Dredging Study: No Need To Expand

Dec 30, 2013

Results of a study requested by New York state comptroller Thomas DiNapoli and released late Friday show no need for General Electric to voluntarily expand dredging that's already under way in a portion of the upper Hudson River contaminated with PCBs.

GE Spokesman Mark Behan
Credit WAMC Photo by Dave Lucas

Efforts to expand dredging on the Hudson River to include acreage outside the project's initial scope seem to have hit a brick wall.  The end of the 2013 dredging season concluded November 6th, rendering the project nearly three-quarters complete. Spokesman Mark Behan notes that Fairfield, Connecticut-based GE was asked by the New York state comptroller's office to evaluate whether doing additional dredging now might reduce any future liabilities on the Hudson.  "The company conducted an exhaustive legal and scientific analysis. The conclusion is "no." GE is implementing the dredging project that the environmental protection agency selected for the Hudson. And the EPA has said repeatedly that that project protects public health and the environment and is meeting the agency's cleanup goals. And it has said it does not expect to expand the dredging project. In fact, EPA specifically rejected larger dredging projects when selecting this one. So GE believes its remedial liability for the Hudson will be fully resolved when the current dredging project is completed in 2016."

GE's scientific and legal analysis characterized local wildlife in the area to be "robust and thriving," with no credible data showing any adverse ecological effect. Concern about the company getting hit with future liabilities for environmental damage is regarded as speculative. Again, Mark Behan:   "Well some history and context are important here. GE is implementing one of the largest and most logistically-challenging environmental dredging projects ever undertaken. EPA selected this particular project after a 12-year study. And in selecting this project, EPA specifically rejected larger dredging projects because it said any benefits they might bring were outweighed by risks to the river environment and disruptions to local communities. And EPA now has reviewed its decision on multiple occasions and as recently as last year concluded again that the current dredging project as it's being currently performed is meeting all of the agency's clean-up goals. We agree. We don't believe any expansion of this already massive project is warranted."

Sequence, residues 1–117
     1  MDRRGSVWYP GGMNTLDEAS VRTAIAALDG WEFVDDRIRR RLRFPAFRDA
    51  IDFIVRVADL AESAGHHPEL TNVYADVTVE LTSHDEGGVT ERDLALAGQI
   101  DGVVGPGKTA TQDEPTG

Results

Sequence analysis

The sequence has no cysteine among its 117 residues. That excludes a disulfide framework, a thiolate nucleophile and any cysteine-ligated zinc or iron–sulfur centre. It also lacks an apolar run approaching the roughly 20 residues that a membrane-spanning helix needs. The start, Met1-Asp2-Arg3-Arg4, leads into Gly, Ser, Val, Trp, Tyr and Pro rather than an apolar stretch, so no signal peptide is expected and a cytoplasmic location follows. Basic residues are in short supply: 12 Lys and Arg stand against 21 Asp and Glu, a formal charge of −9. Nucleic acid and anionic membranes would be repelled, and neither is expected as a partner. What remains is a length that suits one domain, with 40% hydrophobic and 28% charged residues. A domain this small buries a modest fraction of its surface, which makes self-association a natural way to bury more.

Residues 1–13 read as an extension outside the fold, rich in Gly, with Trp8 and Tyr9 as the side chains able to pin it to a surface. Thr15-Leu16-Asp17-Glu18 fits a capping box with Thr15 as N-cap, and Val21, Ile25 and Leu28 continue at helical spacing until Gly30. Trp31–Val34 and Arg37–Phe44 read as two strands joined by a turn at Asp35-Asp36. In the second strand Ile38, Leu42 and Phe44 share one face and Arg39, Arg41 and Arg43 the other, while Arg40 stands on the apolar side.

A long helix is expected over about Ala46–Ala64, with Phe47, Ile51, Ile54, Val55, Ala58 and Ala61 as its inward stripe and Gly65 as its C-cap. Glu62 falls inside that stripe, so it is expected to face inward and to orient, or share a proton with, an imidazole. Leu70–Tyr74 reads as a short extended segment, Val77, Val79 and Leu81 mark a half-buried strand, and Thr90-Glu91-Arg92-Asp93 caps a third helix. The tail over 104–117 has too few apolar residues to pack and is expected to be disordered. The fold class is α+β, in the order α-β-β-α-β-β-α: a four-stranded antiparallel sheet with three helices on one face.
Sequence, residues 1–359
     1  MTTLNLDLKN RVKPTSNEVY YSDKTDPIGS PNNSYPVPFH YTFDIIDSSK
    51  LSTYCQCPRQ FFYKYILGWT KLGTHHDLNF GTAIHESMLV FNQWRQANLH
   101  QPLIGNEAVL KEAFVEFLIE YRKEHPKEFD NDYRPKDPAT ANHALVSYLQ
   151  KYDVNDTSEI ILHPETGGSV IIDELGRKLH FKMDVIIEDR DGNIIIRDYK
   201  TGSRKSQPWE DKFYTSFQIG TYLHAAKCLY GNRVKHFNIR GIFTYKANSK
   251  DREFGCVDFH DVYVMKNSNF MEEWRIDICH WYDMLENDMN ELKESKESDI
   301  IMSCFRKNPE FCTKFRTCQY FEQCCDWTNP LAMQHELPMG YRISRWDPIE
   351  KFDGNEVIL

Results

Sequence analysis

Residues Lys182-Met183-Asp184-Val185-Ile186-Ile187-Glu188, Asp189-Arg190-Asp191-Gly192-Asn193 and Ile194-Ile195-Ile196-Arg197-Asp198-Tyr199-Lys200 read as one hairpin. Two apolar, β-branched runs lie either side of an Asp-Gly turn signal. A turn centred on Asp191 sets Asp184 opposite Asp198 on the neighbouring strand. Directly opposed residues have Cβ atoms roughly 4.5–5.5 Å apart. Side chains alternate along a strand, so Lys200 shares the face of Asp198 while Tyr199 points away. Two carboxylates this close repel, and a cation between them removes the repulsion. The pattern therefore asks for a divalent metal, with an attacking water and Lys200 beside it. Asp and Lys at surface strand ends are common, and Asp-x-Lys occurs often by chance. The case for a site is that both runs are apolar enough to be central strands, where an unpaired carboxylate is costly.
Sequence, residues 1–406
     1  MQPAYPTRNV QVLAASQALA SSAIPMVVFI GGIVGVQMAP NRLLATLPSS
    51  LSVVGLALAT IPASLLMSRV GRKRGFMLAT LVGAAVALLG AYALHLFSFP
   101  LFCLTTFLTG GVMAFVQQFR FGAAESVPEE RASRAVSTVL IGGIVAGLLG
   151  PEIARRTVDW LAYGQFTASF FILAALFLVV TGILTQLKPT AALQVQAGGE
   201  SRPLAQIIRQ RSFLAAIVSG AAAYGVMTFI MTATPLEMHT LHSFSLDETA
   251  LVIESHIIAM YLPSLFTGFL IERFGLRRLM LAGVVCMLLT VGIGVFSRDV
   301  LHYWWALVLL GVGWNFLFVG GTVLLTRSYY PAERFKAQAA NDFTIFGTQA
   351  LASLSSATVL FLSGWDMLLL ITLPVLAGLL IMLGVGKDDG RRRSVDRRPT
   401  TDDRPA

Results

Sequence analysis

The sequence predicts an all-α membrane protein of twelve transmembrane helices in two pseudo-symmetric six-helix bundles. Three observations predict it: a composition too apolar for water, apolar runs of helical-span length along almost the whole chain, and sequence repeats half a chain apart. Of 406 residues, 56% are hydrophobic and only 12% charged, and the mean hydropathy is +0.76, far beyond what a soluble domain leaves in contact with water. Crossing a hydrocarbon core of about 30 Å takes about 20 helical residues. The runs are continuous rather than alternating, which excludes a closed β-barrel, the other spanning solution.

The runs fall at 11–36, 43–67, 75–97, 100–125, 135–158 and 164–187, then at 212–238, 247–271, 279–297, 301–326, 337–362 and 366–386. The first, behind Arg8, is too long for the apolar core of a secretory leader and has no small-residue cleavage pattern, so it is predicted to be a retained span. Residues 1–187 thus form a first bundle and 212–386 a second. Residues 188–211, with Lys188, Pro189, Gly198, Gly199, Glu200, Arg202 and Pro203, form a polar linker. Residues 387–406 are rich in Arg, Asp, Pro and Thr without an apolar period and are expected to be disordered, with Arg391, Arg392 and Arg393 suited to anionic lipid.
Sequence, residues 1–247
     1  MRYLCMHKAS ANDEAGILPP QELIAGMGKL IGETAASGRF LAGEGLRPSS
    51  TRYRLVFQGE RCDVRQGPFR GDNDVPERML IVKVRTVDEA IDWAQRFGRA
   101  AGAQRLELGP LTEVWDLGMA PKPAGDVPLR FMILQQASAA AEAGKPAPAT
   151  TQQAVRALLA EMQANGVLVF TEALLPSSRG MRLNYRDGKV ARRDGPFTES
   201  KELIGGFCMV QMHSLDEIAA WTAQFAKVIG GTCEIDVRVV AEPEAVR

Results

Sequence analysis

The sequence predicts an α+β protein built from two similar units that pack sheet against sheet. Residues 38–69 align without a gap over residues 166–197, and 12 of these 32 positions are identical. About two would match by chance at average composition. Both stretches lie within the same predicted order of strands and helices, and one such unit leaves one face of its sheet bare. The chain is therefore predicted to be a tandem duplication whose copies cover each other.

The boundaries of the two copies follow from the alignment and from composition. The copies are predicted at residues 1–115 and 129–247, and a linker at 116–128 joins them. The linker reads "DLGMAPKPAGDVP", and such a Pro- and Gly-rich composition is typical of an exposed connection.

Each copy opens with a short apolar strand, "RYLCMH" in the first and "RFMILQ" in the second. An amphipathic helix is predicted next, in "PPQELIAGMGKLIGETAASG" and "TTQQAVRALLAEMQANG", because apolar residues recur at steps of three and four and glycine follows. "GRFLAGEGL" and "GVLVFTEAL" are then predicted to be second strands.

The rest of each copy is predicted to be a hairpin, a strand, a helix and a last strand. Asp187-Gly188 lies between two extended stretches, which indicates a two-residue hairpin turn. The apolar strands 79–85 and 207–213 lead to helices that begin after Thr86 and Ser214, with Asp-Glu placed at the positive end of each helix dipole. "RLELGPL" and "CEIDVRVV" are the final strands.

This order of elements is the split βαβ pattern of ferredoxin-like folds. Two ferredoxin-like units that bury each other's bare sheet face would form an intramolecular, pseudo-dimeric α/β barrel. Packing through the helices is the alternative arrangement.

The study is a setback for Environmentalists who have called for expanded dredging of contaminated sections outside the established Superfund cleanup site north of Albany. Riverkeeper reacted with a call-to-arms statement, according to staff attorney Abigail Jones.   "GE is ducking the issue and delaying the inevitable day of reckoning on this part of its liability. We had hoped they were done with such tactics, but so be it and on to the next round of the fight."

So far, there is no explanation as to what that next round might entail. According to published reports:  GE and EPA received 54 complaints from the public related to the project in 2013, roughly half of which were noise-related.  Mark Behan points out that dredging  has been under way now for four seasons and 70 per cent of the EPA-targeted sediment has been removed. "...at a cost of more than a billion dollars. Two more seasons of dredging remain ahead of us, 2014 and 2015 with a third season of habitat reconstruction in 2016."

In May 2014, dredging is expected to resume south of the village of Schuylerville, depending on the weather and spring flood conditions.